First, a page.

HHS secretary pushes new health IT advisory panel

Health and Human Services secretary Mike Leavitt said Friday that the government's existing advisory body on health information technology needs to be replaced with an entity that acts more like a corporate democracy than a political democracy.

Amid controversy over an HHS proposal to privatize the American Health Information Community, Leavitt led a public informational session to encourage collaboration among private and public organizations in forming the successor organization.

HHS is heading the creation of a new entity, as required under AHIC's 2005 charter. The current body counsels HHS on advancing the adoption of health IT. The replacement body would be an independent and sustainable public-private partnership, under the agency's proposition.

During the session, Leavitt compared apportioning power to the new AHIC with establishing the power structure of the U.S. republic.

"The question is, how do we create a governing process for this," he said. We have to "effect a transition in an orderly way" just as the founding fathers did in getting from the Articles of Confederation to the Constitution. "This meeting, in my mind, is about: Who is George Washington?"

While some stakeholders might want the leader to be the HHS secretary, Leavitt said, he would prefer that a group of organizations lead the new AHIC. His rationale is that health IT standards should be developed outside the political process.

If Congress or the executive branch created the standards, Leavitt said, we "would get it wrong, because we'd be working in a vacuum."

Those who have criticized privatization of AHIC are primarily concerned that the proposed offshoot would lack accountability and transparency. Several consumer advocacy groups, labor organizations and the seniors' group AARP maintain that HHS needs to retain an active role in governance to ensure that standards reflect the national interest -- not business interests.

Leavitt tried to reassure them by saying, "We have to be at the table as full participants because we're not only going to use the standards; we're going to enforce the standards." He envisions the government involved as a "major" participant because of its financial stake in the whole operation. "We're clearly going to be one of the biggest payers."

An audience member from the National Partnership for Women and Families, a group that opposes privatization, said, "History has shown that one big problem with the Constitutional Convention was that there were huge swaths of the population that weren't present at the convention." The woman said nonprofits and other small outfits could be excluded from decision-making if they can't pay board dues or contribute as much funding as private-sector members.

Leavitt acknowledged that ensuring equal participation would be a challenge but said he wants the groups that form the new AHIC to conquer the issue. "I'm not the one to do that."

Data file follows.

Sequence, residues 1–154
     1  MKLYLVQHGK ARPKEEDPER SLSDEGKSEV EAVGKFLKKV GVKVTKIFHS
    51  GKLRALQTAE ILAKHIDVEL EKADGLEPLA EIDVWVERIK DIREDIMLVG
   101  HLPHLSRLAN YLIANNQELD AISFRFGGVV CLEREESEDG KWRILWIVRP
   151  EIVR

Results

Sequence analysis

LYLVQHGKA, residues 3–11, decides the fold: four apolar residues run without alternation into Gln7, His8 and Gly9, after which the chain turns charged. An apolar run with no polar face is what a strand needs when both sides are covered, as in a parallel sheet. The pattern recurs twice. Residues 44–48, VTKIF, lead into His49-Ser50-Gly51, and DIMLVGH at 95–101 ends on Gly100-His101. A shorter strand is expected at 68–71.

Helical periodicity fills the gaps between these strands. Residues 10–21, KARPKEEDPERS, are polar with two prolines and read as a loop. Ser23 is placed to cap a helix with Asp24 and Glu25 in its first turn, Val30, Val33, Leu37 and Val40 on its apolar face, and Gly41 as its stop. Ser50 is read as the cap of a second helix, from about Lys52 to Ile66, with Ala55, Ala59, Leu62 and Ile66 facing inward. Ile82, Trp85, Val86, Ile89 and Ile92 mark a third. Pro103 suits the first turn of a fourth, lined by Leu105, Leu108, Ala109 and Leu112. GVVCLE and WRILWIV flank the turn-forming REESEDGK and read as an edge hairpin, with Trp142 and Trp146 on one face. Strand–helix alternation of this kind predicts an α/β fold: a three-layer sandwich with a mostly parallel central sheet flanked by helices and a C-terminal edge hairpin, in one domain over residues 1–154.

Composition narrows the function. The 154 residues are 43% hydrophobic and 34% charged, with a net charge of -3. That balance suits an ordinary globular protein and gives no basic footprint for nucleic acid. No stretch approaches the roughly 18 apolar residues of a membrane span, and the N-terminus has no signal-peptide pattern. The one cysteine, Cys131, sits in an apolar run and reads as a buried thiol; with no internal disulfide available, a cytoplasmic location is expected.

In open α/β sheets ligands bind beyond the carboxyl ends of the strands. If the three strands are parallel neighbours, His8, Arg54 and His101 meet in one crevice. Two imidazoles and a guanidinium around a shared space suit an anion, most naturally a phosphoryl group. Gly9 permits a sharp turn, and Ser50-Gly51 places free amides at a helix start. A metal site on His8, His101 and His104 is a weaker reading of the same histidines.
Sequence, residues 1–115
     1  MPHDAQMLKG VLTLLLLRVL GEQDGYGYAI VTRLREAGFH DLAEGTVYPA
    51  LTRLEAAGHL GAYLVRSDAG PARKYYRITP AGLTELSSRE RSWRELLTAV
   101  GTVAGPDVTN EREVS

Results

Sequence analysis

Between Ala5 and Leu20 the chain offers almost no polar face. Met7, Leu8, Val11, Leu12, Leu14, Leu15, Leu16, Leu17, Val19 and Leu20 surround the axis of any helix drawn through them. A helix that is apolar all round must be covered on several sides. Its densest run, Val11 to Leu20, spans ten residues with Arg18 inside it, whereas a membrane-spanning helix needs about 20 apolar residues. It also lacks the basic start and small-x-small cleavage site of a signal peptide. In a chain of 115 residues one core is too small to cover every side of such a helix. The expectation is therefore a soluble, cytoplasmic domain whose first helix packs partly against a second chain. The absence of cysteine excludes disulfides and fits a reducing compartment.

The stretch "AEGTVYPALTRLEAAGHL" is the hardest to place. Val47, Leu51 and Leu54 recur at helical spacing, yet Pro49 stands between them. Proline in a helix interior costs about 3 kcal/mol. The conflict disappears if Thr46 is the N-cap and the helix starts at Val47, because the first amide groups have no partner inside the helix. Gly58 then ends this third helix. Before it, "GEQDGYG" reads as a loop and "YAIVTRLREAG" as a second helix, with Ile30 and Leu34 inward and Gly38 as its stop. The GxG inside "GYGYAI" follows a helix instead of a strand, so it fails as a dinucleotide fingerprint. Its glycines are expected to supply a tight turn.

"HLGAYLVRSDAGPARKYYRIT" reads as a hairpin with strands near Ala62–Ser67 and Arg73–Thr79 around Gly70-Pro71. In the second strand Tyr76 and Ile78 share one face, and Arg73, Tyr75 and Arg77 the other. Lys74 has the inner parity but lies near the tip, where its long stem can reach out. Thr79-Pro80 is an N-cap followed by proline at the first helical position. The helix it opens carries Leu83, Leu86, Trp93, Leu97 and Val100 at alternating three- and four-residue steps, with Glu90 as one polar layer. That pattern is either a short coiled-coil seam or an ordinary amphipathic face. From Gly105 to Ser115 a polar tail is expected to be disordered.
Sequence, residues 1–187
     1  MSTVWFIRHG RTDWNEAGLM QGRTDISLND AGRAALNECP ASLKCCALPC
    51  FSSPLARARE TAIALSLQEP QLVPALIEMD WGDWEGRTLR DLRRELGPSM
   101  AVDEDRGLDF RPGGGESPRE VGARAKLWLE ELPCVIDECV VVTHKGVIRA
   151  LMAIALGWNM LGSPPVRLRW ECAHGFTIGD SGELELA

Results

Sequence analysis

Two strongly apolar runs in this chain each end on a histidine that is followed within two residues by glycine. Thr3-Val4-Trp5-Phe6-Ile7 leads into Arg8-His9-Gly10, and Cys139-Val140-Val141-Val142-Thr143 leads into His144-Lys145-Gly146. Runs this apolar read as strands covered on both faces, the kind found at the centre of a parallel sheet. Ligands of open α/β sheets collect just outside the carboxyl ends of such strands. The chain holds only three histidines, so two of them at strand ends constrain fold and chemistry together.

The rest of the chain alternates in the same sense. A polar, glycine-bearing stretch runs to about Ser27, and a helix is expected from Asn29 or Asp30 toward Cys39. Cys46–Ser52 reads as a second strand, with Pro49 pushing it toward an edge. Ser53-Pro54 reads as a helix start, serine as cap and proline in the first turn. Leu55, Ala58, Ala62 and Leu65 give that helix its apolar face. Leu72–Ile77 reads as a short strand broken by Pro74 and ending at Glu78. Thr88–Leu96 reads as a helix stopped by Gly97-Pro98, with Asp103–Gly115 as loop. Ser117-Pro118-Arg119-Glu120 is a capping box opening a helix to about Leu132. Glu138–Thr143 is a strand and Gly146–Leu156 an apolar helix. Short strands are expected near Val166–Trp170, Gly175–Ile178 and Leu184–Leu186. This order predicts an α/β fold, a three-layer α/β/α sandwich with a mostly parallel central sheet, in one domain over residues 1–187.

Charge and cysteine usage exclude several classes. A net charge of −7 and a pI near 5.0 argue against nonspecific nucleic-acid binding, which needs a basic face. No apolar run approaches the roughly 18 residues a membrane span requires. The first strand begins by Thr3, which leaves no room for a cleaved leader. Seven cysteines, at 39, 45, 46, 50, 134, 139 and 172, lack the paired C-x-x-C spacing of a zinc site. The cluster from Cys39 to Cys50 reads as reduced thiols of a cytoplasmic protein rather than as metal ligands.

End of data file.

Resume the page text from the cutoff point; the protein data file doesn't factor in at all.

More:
Stay up-to-date with federal news alerts and analysis — Sign up for GovExec's email newsletters.
Close [ x ] More from GovExec

Thank you for subscribing to newsletters from GovExec.com.
We think these reports might interest you:

  • Forecasting Cloud's Future

    Conversations with Federal, State, and Local Technology Leaders on Cloud-Driven Digital Transformation

  • The Big Data Campaign Trail

    With everyone so focused on security following recent breaches at federal, state and local government and education institutions, there has been little emphasis on the need for better operations. This report breaks down some of the biggest operational challenges in IT management and provides insight into how agencies and leaders can successfully solve some of the biggest lingering government IT issues.

  • Communicating Innovation in Federal Government

    Federal Government spending on ‘obsolete technology’ continues to increase. Supporting the twin pillars of improved digital service delivery for citizens on the one hand, and the increasingly optimized and flexible working practices for federal employees on the other, are neither easy nor inexpensive tasks. This whitepaper explores how federal agencies can leverage the value of existing agency technology assets while offering IT leaders the ability to implement the kind of employee productivity, citizen service improvements and security demanded by federal oversight.

  • IT Transformation Trends: Flash Storage as a Strategic IT Asset

    MIT Technology Review: Flash Storage As a Strategic IT Asset For the first time in decades, IT leaders now consider all-flash storage as a strategic IT asset. IT has become a new operating model that enables self-service with high performance, density and resiliency. It also offers the self-service agility of the public cloud combined with the security, performance, and cost-effectiveness of a private cloud. Download this MIT Technology Review paper to learn more about how all-flash storage is transforming the data center.

  • Ongoing Efforts in Veterans Health Care Modernization

    This report discusses the current state of veterans health care


When you download a report, your information may be shared with the underwriters of that document.